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News and Notes   |    
House Passes Historic Mental Health Parity Bill
Psychiatric Services 2008; doi:
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On March 5, 2008, the U.S. House of Representatives passed H.R. 1424, the Paul Wellstone Mental Health and Addiction Equity Act. This historic legislation, which was sponsored jointly by Congressman Patrick J. Kennedy (D-R.I.) and Congressman Jim Ramstad (R-Minn.), is named after the late Senator Paul Wellstone. It aims to realize Senator Wellstone's vision to establish equality in terms of mental health and addiction coverage.

The legislation was cosponsored by 274 members of Congress and passed with a strong bipartisan vote of 268 to 148. Forty-seven Republicans joined 221 Democrats in voting to pass the bill; three Democrats and 145 Republicans voted against passage.

The new legislation seeks to expand the 1996 Mental Health Parity Act, which requires equality only for annual and lifetime limits. H.R. 1424 requires parity across the terms of the health plan. For example, the plan or coverage must ensure that any financial requirements that are applied to mental health and addiction benefits (for example, deductibles, copayments, and out-of-network charges) are no more restrictive or costly than those applied to comparable medical and surgical benefits that the plan covers.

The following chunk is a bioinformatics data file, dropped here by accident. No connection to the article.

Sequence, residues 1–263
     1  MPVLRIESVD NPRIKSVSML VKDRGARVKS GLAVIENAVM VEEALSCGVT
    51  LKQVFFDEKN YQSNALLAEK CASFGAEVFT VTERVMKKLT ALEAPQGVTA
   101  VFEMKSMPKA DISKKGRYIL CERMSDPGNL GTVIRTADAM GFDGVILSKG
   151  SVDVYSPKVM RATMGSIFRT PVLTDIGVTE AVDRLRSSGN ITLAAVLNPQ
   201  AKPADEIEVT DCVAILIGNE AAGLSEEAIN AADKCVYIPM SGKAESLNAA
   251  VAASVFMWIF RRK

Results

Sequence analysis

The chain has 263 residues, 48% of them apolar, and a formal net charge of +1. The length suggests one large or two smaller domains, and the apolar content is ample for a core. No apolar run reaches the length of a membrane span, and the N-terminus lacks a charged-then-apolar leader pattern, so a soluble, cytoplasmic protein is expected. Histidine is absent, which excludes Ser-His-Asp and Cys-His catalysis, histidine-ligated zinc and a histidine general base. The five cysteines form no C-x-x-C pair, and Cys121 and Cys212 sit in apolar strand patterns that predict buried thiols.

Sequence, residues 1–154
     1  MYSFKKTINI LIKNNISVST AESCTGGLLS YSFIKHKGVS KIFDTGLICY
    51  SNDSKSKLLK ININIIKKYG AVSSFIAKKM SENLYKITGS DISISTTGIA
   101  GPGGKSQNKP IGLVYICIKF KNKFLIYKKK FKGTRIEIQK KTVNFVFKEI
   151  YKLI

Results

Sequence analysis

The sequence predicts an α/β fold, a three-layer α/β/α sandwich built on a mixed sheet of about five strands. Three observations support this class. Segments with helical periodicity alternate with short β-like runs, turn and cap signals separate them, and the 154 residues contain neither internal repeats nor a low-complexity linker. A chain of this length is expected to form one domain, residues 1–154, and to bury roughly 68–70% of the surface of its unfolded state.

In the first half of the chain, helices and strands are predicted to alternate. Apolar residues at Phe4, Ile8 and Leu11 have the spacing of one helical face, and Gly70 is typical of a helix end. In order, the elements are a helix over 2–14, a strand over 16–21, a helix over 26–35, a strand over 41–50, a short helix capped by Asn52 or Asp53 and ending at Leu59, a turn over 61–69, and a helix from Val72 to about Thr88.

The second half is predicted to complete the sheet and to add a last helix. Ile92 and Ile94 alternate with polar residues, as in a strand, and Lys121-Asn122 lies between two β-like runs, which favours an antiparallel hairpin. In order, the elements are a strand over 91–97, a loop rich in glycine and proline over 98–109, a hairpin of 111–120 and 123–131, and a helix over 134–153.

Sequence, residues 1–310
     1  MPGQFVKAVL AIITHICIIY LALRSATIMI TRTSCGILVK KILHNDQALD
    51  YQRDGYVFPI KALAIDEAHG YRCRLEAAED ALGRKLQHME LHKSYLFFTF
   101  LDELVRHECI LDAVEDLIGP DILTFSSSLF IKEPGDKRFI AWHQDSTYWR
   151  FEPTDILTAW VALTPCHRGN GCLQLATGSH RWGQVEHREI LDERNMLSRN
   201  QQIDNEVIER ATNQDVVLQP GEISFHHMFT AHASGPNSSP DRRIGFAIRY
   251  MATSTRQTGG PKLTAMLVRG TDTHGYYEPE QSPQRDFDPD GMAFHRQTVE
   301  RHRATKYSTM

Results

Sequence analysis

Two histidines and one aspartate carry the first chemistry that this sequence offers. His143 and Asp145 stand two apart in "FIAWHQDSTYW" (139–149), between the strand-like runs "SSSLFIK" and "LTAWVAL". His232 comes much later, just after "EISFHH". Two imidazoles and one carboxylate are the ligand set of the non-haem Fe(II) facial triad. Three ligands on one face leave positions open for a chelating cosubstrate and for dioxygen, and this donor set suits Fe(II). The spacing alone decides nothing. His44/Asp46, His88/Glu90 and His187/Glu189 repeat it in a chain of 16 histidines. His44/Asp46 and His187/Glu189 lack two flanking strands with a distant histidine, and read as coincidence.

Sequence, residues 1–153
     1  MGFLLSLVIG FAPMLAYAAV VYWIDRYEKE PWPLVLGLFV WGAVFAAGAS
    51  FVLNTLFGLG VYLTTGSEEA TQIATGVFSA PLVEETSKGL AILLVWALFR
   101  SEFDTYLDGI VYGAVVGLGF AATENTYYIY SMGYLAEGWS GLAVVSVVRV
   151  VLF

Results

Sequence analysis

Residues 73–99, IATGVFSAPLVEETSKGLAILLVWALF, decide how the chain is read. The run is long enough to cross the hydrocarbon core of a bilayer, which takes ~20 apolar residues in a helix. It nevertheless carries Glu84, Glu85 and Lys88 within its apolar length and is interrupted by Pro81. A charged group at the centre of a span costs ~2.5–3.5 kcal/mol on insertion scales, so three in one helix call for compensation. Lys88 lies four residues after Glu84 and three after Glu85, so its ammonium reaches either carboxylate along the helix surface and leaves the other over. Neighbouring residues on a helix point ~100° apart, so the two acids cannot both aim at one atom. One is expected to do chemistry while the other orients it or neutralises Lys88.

Members of both houses must now work to reconcile H.R. 1424 and the Senate's Mental Health Parity Act of 2007 (S. 558). Unlike the Senate bill, the House version would mandate coverage for all mental and substance use disorders listed in the DSM, which is the same standard of the Federal Employee Health Plan that members of Congress use. Critics say that provision would force companies to finance treatment for disorders such as caffeine addiction. Advocates argue that broad coverage prevents "discrimination by diagnosis." Medical necessity requirements and other managed care techniques can be used to limit costs and services, even if all conditions in the DSM are covered. This is how costs are contained for general medical services in insurance in which all health conditions are typically covered.

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